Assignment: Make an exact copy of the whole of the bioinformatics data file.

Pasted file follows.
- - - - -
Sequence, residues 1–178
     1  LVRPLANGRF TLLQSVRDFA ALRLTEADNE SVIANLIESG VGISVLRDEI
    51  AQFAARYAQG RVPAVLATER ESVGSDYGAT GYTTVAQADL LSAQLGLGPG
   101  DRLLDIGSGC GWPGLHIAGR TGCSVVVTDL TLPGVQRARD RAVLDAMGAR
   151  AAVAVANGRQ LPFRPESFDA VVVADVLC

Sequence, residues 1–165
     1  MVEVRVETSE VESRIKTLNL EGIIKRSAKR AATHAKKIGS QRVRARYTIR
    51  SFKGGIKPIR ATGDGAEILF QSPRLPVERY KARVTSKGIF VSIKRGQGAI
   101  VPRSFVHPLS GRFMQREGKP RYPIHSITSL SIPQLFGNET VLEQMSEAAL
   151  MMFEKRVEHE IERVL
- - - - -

Sequence, residues 1–178
     1  LVRPLANGRF TLLQSVRDFA ALRLTEADNE SVIANLIESG VGISVLRDEI
    51  AQFAARYAQG RVPAVLATER ESVGSDYGAT GYTTVAQADL LSAQLGLGPG
   101  DRLLDIGSGC GWPGLHIAGR TGCSVVVTDL TLPGVQRARD RAVLDAMGAR
   151  AAVAVANGRQ LPFRPESFDA VVVADVLC

Sequence, residues 1–165
     1  MVEVRVETSE VESRIKTLNL EGIIKRSAKR AATHAKKIGS QRVRARYTIR
    51  SFKGGIKPIR ATGDGAEILF QSPRLPVERY KARVTSKGIF VSIKRGQGAI
   101  VPRSFVHPLS GRFMQREGKP RYPIHSITSL SIPQLFGNET VLEQMSEAAL
   151  MMFEKRVEHE IERVL